NGOs and CSR in Iberian America

Non-Governmental Organisations and Corporate Social Responsibility in Iberian America

Myriam Cardozo Brum and Álvaro J. de Regil Castilla

While decades ago CSR acquired much importance on the agenda of the European Union and of some of its member countries, in Iberian America there is little interest among national governments, the business community and universities. Nonetheless, some countries (Colombia, Brazil, Argentina, Chile, etc.) have begun developing a corporate social responsibility conscience thanks to the efforts of nongovernmental organisations, frequently supported by international organisations.

This work, comprised of five sections, is an assessment of the state of CSR in Iberian America from the perspective of civil society. The first section ponders the diverse scenarios under which CSR is approached by business and the second describes the current state of CSR practice among the different actors in the region. The third and fourth sections emphasise two key aspects absent from CSR culture worldwide but critical for Iberian America: the exclusion of the payment of living wages as a CSR standard and the lack of pre-established and mandatory standards for the accountability of corporations before governments and society, of which the first aspect is discussed in great detail. The last section argues (to some extent) in favour of the strategic value for Iberian America of leveraging the market via consumer pressure on a global scale. These last three aspects are examined in a global context, parting from the premise that the only successful CSR strategy for Iberian America is a global CSR strategy.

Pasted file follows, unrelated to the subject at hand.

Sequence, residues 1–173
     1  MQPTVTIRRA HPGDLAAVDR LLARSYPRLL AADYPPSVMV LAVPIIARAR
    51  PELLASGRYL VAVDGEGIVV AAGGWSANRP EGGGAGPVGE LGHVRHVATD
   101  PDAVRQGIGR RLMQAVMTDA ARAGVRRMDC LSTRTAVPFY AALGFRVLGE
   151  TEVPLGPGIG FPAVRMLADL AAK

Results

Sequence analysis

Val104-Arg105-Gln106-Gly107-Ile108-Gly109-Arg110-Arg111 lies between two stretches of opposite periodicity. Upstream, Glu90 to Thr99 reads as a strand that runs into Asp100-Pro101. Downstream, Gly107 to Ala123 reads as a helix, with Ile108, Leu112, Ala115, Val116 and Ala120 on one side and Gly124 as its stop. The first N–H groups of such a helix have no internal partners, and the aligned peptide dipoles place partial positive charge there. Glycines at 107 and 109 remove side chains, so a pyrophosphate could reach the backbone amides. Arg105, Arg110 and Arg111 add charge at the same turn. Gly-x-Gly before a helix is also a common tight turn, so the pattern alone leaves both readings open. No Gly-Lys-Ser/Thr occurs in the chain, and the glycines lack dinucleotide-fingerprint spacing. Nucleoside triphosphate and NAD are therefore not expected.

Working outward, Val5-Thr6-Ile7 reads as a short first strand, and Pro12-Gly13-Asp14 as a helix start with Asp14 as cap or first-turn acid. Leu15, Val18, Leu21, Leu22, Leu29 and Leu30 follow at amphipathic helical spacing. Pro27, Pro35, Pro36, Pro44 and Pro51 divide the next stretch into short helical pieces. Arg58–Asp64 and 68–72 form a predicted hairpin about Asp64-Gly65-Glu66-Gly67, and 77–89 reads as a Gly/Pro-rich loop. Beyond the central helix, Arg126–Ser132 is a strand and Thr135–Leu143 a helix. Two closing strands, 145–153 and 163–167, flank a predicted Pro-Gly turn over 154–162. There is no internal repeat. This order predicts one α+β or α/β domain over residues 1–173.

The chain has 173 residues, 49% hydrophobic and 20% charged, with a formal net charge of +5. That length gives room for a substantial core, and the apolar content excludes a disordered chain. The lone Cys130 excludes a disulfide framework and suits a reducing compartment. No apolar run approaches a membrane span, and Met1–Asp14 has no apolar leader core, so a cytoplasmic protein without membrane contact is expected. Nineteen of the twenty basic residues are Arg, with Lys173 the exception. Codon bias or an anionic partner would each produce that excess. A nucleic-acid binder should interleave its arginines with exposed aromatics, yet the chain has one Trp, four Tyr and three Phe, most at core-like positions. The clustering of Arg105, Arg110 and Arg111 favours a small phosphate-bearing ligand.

The authors' global prognosis regarding CSR is that both institutional investors and corporations will gradually conclude that they cannot maintain a zero-sum game ethos for too long if they want to have a future, and they will move to shift their vision from the extremely short-term to a balanced approach in the pursuit of their own sustainability. In this way, relative to Iberian America, if the problems caused by the impact of corporate activity are to be addressed, Iberian America's organised civil societies must mobilise with urgency to include, in the pursuit of a truly sustainable global CSR, the elements that are of keen interest for the region.


This paper constitutes an updated and unabridged research work prepared in June 2004 to be edited and published as a chapter in: Jose Allouche (author/editor), Corporate Social Responsibility, Volume 2, Performances and Stakeholders, United Kingdom, October 2006, Palgrave Macmillan/European Foundation for Management Development (EFMD). Because of the long period between the date of delivery and the date of publication, some of the data have been updated when appropriate.

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